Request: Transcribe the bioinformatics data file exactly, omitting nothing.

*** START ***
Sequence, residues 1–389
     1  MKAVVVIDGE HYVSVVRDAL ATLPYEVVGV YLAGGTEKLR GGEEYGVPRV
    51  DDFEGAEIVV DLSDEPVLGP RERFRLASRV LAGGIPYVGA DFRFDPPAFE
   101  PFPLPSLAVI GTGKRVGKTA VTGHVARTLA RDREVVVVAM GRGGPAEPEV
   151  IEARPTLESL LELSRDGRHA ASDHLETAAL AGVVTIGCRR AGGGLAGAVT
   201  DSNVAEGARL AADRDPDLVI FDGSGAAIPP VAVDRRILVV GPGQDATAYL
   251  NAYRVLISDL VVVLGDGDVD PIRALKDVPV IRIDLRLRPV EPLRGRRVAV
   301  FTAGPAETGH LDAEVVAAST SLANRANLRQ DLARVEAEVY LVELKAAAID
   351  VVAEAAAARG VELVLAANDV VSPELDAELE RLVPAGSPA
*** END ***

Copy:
Sequence, residues 1–389
     1  MKAVVVIDGE HYVSVVRDAL ATLPYEVVGV YLAGGTEKLR GGEEYGVPRV
    51  DDFEGAEIVV DLSDEPVLGP RERFRLASRV LAGGIPYVGA DFRFDPPAFE
   101  PFPLPSLAVI GTGKRVGKTA VTGHVARTLA RDREVVVVAM GRGGPAEPEV
   151  IEARPTLESL LELSRDGRHA ASDHLETAAL AGVVTIGCRR AGGGLAGAVT
   201  DSNVAEGARL AADRDPDLVI FDGSGAAIPP VAVDRRILVV GPGQDATAYL
   251  NAYRVLISDL VVVLGDGDVD PIRALKDVPV IRIDLRLRPV EPLRGRRVAV
   301  FTAGPAETGH LDAEVVAAST SLANRANLRQ DLARVEAEVY LVELKAAAID
   351  VVAEAAAARG VELVLAANDV VSPELDAELE RLVPAGSPA